I’m really not sure about this one, but a few friends of mine reviewed it extremely highly so I’ll keep.
Don’t Breathe a Word – Jennifer McMahon
On a soft summer night in Vermont, 12-year-old Lisa went into the woods behind her house and never came out again. Before she disappeared, she told her little brother, Sam, about a door that led to a magical place where she would meet the King of the Fairies and become his queen.
Fifteen years later, Phoebe is in love with Sam, a practical, sensible man who doesn’t fear the dark and doesn’t have bad dreams – who, in fact, helps Phoebe ignore her own. But suddenly the couple is faced with a series of eerie, unexplained occurrences that challenge Sam’s hardheaded, realistic view of the world. As they question their reality, a terrible promise Sam made years ago is revealed – a promise that could destroy them all.
What is up with the spooky books this time around! Based off of the reviews on this, I’m going to ditch.
Leading on Empty: Refilling Your Tank and Renewing Your Passion
Gives leaders the tools to recognize and overcome burnout. This book provides them a vision to greater levels of both rest and productivity.
I think I very much need this book, so keep.
The Wig in the Window – Kristen Kittscher
Best friends and seventh graders Sophie Young and Grace Yang have made a game out of spying on their neighbors. On one of their midnight stakeouts, they witness a terrifying, bloody scene at the home of their bizarre middle-school counselor, Dr. Charlotte Agford (aka Dr. Awkward).
At least, they think they do. The truth is that Dr. Agford was only making her famous pickled beets! But when Dr. Agford begins acting even weirder than usual, Sophie and Grace become convinced that she’s hiding something—and they’re determined to find out what it is.
Soon the girls are breaking secret codes, being followed by a strange blue car, and tailing strangers with unibrows and Texas accents. But as their investigation heats up, Sophie and Grace start to crack under the pressure. They might solve their case, but will their friendship survive?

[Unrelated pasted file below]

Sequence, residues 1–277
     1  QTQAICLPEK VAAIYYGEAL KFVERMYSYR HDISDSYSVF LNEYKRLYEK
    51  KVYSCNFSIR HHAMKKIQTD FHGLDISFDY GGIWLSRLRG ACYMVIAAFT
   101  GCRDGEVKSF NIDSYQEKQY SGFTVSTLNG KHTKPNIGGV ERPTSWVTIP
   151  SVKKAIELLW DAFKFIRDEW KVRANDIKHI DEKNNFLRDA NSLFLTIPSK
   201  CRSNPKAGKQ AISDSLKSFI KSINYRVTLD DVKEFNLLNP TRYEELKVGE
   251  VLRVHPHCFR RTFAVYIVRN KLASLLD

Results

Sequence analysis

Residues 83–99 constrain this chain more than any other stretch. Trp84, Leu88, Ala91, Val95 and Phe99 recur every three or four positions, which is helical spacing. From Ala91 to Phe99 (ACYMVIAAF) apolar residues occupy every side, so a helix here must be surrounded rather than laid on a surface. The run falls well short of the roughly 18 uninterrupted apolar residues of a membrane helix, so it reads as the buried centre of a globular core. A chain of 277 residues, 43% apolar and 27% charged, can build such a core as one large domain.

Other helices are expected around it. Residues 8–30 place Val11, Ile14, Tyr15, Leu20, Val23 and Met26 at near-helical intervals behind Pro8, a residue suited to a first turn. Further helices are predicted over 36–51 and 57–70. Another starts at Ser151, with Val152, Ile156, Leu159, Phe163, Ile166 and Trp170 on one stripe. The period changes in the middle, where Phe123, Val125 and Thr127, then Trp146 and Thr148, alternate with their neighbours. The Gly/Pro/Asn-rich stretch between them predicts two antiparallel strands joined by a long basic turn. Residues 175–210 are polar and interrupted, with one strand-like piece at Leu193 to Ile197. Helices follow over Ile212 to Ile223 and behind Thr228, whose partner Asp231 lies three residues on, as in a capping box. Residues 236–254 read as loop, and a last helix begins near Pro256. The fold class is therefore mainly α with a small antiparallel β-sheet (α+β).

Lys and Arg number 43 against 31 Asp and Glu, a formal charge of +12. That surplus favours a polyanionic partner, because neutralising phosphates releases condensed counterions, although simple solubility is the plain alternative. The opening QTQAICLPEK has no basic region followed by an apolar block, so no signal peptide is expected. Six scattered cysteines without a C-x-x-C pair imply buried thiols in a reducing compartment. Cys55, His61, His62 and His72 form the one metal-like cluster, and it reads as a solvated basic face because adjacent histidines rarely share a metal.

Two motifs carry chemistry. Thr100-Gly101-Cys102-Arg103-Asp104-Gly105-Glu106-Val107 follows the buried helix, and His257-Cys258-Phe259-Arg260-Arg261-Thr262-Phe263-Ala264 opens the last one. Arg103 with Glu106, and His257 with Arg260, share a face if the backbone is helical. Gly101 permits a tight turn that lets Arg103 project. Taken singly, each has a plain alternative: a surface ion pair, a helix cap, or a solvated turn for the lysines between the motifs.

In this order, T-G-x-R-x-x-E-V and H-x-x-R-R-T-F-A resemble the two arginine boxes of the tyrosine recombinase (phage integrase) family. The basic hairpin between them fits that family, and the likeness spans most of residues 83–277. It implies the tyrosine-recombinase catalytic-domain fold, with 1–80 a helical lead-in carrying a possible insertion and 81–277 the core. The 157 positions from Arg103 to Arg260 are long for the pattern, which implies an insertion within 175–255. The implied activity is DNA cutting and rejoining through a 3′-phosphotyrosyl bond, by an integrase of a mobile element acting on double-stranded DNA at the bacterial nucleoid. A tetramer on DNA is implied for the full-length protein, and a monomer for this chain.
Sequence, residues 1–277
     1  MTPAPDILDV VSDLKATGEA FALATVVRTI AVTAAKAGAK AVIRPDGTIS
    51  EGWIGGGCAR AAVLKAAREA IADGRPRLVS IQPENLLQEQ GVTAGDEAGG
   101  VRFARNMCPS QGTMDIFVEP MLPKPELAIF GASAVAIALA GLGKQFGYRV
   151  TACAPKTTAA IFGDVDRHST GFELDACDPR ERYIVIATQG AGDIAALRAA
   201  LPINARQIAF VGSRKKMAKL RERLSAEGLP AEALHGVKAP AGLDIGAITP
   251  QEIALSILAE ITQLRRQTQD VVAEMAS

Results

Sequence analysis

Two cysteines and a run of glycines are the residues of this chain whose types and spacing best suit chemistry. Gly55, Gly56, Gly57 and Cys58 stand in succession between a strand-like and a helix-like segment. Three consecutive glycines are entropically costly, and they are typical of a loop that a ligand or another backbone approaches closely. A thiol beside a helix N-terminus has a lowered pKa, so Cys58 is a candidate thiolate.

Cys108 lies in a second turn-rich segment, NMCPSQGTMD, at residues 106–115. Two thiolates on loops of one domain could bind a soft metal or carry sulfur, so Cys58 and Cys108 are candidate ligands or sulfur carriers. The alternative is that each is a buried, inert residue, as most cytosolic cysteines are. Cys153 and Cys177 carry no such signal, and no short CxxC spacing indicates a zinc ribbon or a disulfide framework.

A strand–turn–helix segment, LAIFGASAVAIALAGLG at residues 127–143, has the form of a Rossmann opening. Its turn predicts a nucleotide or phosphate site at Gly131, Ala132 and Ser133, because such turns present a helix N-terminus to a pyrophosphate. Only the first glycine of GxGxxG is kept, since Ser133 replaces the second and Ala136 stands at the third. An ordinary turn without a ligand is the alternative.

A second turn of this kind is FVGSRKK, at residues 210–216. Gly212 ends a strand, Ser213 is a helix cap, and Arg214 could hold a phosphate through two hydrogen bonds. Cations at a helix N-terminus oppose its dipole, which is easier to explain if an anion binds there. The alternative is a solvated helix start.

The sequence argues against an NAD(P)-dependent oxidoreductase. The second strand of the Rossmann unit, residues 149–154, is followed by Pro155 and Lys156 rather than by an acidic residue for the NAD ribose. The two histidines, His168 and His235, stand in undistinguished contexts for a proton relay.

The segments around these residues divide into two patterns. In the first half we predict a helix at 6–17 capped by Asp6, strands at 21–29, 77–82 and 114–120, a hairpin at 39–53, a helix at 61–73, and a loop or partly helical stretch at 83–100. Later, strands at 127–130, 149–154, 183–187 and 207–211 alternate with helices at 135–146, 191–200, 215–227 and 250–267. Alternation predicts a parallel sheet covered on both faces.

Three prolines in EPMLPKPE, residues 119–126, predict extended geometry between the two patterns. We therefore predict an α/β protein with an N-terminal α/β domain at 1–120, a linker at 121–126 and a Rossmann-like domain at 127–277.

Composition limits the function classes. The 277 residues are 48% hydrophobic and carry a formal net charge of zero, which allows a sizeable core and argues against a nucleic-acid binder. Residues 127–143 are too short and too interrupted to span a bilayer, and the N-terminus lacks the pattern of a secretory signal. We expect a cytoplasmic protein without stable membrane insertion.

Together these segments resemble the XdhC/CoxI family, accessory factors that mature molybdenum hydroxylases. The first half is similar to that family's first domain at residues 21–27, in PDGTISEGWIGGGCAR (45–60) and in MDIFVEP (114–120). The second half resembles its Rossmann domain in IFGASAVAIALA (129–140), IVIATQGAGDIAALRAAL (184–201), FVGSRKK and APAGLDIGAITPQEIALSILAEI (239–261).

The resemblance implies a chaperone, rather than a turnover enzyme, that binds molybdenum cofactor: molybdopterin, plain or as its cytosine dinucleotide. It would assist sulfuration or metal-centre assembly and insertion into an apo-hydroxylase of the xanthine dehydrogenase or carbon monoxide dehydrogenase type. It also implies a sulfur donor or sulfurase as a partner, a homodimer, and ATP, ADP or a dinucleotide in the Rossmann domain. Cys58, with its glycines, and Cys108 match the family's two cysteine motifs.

Perfect for fans of The Mysterious Benedict Society, The Wig in the Window is a smart, funny middle-grade mystery with a REAR WINDOW twist.
This book seems SO CUTE. I must read it! It’s a keep.
The Fortress of Solitude – Jonathan Lethem
From the prize-winning author of Motherless Brooklyn, a daring, riotous, sweeping novel that spins the tale of two friends and their adventures in late 20th-century America.
This is the story of two boys, Dylan Ebdus and Mingus Rude. They live in Brooklyn and are friends and neighbours; but since Dylan is white and Mingus is black, their friendship is not simple.
This is the story of 1970s America, a time when the simplest decisions – what music you listen to, whether to speak to the kid in the seat next to you, whether to give up your lunch money – are laden with potential political, social and racial disaster. This is also the story of 1990s America, when nobody cared anymore.
This is the story of what would happen if two teenaged boys obsessed with comic book heroes actually had superpowers: they would screw up their lives.
This ended up on my TBR since it’s part of the Rory Gilmore challenge. It sounds amazing, so keep.
Flashpoint – Geoff Johns